Alignment is in bytes and is used to "expand" a structure so that it is spaced in memory. e.g. it's useful, if you build an array of these structures, to align them so that they match the memory system, for best coalescing and minimal spanning of cache lines.
You don't need the attribute on your struct definition.
If you do want it, then it needs to be larger than the size of the struct. Since a float and an int are both 4 bytes, and you have 18 of these, the minimum size should be 72.
So the smallest meaningful value is 72. Without it the implicit alignment is 128.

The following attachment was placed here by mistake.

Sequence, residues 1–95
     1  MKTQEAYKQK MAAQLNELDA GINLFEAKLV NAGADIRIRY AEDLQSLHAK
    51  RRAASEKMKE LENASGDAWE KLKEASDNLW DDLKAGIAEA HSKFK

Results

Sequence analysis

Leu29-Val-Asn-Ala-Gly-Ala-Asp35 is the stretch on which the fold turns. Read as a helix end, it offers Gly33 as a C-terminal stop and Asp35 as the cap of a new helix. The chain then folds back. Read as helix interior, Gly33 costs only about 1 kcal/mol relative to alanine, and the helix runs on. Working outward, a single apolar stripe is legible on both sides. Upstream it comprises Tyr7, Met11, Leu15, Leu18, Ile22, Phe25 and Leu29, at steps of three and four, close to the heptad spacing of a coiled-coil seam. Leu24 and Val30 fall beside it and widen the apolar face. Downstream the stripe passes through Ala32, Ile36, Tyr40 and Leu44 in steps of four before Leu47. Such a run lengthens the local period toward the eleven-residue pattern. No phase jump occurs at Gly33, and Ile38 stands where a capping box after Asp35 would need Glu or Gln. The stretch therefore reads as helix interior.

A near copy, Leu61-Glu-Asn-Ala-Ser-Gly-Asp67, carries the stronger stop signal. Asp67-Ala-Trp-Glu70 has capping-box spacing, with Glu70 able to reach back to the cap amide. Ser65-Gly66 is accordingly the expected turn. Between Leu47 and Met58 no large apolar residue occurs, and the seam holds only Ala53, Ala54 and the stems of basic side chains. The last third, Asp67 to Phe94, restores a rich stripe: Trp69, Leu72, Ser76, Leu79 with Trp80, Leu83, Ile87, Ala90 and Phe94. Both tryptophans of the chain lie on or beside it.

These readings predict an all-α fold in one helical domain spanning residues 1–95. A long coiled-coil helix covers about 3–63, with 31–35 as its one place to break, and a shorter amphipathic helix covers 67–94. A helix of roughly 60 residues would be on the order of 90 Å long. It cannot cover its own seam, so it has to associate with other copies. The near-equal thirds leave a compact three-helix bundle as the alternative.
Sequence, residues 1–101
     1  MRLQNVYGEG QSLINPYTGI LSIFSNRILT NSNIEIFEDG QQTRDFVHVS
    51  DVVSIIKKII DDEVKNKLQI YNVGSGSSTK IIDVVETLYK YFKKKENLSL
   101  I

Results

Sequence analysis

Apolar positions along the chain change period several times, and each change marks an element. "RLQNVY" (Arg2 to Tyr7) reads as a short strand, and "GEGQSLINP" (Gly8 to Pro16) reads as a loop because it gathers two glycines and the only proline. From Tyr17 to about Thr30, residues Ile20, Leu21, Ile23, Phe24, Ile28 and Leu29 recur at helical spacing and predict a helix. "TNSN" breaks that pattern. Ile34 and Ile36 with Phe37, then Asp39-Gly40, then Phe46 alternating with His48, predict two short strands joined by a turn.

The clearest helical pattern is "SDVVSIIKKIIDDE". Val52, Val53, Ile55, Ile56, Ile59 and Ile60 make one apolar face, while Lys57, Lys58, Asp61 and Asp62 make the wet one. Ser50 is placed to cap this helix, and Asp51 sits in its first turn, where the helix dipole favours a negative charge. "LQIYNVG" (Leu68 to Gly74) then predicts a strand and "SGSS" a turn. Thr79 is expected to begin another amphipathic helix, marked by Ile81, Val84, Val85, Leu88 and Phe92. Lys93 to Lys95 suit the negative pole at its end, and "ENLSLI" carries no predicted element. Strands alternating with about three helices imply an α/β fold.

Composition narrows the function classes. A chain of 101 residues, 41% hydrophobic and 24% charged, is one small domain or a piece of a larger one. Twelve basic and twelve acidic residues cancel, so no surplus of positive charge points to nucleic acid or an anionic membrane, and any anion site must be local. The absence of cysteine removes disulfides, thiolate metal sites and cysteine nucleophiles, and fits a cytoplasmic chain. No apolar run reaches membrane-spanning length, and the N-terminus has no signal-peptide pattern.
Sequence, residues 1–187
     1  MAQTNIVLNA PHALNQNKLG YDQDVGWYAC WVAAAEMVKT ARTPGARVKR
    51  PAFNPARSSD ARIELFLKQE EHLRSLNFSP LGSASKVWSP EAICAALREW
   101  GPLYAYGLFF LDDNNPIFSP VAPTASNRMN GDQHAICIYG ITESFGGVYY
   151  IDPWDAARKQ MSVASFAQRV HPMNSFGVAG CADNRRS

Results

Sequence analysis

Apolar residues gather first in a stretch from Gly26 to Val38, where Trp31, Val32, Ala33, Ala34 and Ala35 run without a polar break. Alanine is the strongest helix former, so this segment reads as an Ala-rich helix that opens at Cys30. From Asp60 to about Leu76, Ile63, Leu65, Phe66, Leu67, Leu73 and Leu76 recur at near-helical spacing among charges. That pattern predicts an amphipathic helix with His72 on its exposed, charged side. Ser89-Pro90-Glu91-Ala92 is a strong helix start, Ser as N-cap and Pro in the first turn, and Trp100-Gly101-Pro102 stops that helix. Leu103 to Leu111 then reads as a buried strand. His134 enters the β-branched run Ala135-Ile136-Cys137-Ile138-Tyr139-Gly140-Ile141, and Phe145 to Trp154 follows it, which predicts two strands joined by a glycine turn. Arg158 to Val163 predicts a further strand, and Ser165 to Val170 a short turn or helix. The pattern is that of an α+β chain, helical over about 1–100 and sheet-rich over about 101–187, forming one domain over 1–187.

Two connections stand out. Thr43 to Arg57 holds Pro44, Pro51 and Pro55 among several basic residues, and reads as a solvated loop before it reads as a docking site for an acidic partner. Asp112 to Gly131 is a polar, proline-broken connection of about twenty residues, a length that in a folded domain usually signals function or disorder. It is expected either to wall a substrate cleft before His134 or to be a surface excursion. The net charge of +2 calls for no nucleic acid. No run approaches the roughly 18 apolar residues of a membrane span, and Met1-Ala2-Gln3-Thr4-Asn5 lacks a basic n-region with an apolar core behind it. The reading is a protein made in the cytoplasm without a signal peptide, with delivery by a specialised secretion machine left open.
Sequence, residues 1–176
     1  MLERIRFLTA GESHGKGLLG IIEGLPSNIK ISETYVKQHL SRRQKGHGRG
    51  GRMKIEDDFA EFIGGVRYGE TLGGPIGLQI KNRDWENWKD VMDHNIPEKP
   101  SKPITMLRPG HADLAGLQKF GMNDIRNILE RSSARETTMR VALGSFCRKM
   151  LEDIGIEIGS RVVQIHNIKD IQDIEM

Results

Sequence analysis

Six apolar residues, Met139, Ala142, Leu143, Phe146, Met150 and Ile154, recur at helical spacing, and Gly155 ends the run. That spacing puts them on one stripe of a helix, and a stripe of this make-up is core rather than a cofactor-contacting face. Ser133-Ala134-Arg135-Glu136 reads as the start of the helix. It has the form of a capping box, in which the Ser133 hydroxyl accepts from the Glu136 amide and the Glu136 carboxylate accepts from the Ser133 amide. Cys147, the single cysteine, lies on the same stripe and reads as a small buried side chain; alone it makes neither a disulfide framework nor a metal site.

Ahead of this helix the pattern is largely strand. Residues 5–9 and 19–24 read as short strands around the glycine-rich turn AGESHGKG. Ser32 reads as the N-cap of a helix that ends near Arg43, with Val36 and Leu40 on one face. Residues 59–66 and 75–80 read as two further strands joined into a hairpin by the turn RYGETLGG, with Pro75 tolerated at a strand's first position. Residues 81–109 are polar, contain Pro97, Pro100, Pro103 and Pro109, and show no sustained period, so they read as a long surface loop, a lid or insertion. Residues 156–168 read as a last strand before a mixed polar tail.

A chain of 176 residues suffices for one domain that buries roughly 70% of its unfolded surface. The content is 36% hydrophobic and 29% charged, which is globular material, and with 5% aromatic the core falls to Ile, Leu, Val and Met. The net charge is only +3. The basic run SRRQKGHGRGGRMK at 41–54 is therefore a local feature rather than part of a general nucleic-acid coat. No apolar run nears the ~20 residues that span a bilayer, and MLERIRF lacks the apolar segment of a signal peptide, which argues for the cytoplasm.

128 might be preferable to play nice with cache lines. e.g. if a cache line is 128 bytes, then the hardware would always fetch only one line to access this structure. Without this attribute setting, the hardware would most-often find itself fetching two cache lines to access one structure.
Fetching extra cache lines would hurt performance if accesses are random, so alignment can be used to minimise the count of cache lines accessed.
Similarly, it can be used to control access to memory banks.
Overall, it's a super-tweaky subject.